UNITED STATES DISTRICT COURT FOR THE WESTERN DISTRICT OF PENNSYLVANIA
August 19, 1970
Thomas DUPREE, Plaintiff,
Elliot L. RICHARDSON, Secretary of Health, Education and Welfare, Defendant
Gourley, Senior District Judge.
The opinion of the court was delivered by: GOURLEY
GOURLEY, Senior District Judge.
This is an appeal from the decision of the Referee of the United States Department of Health, Education and Welfare, Social Security Administration, holding that plaintiff is not totally and permanently disabled within the provisions of the Social Security Act. Jurisdiction of this Court is invoked under the provisions of Title 42, Section 405(g), United States Code, 42 U.S.C.A. § 405(g).
The immediate matter before the Court is a Motion to Dismiss filed on behalf of the Government in which it is claimed that the Court lacks jurisdiction because the Complaint was not filed and the action was not commenced within the time prescribed by Section 205(g) of the Social Security Act, 42 U.S.C.A. § 405(g). The Court notified the plaintiff by the United States mail on the 28th day of July 1970 at his last known address, 7008 Bennett Street, Pittsburgh, Pennsylvania 15208, that this matter would be heard on the 17th day of August 1970 at 11:00 a.m. The notice specifically provided that if either party failed to comply with the Order of Court and appear at the time and date stated, judgment would be entered against the derelict party. At the time fixed for hearing the plaintiff Thomas Dupree failed to appear nor was any communication had with the Court or with any of the personnel in the office of the Clerk of Court relative to a continuance of the hearing.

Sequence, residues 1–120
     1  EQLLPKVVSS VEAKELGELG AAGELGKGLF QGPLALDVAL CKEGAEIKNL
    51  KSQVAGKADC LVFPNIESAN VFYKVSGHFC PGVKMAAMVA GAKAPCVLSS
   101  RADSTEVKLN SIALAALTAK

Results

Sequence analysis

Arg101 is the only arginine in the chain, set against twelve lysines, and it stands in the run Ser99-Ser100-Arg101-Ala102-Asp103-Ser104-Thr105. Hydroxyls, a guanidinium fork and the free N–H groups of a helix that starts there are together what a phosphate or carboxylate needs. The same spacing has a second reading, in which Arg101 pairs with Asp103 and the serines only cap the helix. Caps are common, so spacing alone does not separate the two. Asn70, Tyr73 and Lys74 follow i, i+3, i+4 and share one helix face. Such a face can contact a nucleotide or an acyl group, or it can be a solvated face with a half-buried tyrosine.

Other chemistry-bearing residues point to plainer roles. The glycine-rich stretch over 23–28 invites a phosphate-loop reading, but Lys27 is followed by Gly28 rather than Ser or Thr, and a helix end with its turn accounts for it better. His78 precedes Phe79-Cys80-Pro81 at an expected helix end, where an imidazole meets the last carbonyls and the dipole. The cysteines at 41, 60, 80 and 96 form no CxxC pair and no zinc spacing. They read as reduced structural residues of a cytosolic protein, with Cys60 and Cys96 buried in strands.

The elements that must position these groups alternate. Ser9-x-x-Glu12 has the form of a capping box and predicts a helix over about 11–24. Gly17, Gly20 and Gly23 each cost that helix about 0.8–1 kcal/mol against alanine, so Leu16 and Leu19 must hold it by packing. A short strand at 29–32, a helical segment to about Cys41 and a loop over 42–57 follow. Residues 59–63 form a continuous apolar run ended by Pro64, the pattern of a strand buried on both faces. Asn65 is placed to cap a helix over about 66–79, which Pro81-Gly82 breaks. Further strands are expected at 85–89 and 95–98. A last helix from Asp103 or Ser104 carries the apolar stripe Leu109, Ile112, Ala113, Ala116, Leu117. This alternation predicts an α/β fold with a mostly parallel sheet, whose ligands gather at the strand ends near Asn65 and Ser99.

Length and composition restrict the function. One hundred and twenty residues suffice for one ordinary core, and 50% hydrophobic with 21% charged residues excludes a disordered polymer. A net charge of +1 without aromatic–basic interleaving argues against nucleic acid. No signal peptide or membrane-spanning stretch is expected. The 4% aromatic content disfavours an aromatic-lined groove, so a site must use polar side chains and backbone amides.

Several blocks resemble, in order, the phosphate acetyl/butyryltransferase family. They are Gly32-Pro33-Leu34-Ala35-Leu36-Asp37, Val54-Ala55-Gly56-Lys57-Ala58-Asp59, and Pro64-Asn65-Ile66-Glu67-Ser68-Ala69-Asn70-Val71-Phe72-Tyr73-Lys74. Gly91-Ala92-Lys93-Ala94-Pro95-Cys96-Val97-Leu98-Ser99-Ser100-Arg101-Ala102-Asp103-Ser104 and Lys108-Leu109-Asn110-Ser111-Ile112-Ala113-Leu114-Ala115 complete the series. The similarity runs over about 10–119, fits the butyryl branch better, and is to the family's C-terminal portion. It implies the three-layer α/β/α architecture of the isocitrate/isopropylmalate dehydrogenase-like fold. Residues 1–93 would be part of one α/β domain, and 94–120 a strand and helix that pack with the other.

The Court has heard the oral argument of counsel for the Secretary, has considered the brief of authorities presented, and the plaintiff presented no brief nor was an appearance made personally.
The Complaint in this proceeding was filed in the Office of the Clerk of Court on the 1st day of June 1970, which was beyond the period of sixty days provided by law for an appeal of this nature.
Judicial review of final decisions on claims arising under Title II of the Social Security Act is provided for and limited by Sections 205(g) and (h) of said Act (42 U.S.C.A. § 405(g) and (h)). The remedy provided by Section 205(g) is obviously exclusive. The relevant provisions read as follows:
"(g) Any individual after any final decision of the Secretary made after a hearing to which he was a party, irrespective of the amount in controversy, may obtain a review of such decision by a civil action commenced within sixty days after the mailing to him of notice of such decision or within such further time as the Secretary may allow. * * *
"(h) The findings and decision of the Secretary after a hearing shall be binding upon all individuals who were parties to such hearing. No findings of fact or decision of the Secretary shall be reviewed by any person, tribunal, or governmental agency except as herein provided. No action against the United States, the Secretary, or any officer or employee thereof shall be brought under § 41 of Title 28 (the section of the Judicial Code defining the jurisdiction of the Federal district courts which has been superseded by § 1331 et al. of new Title 28 U.S.C.A.) to recover on any claim arising under this sub-chapter." (Emphasis supplied.)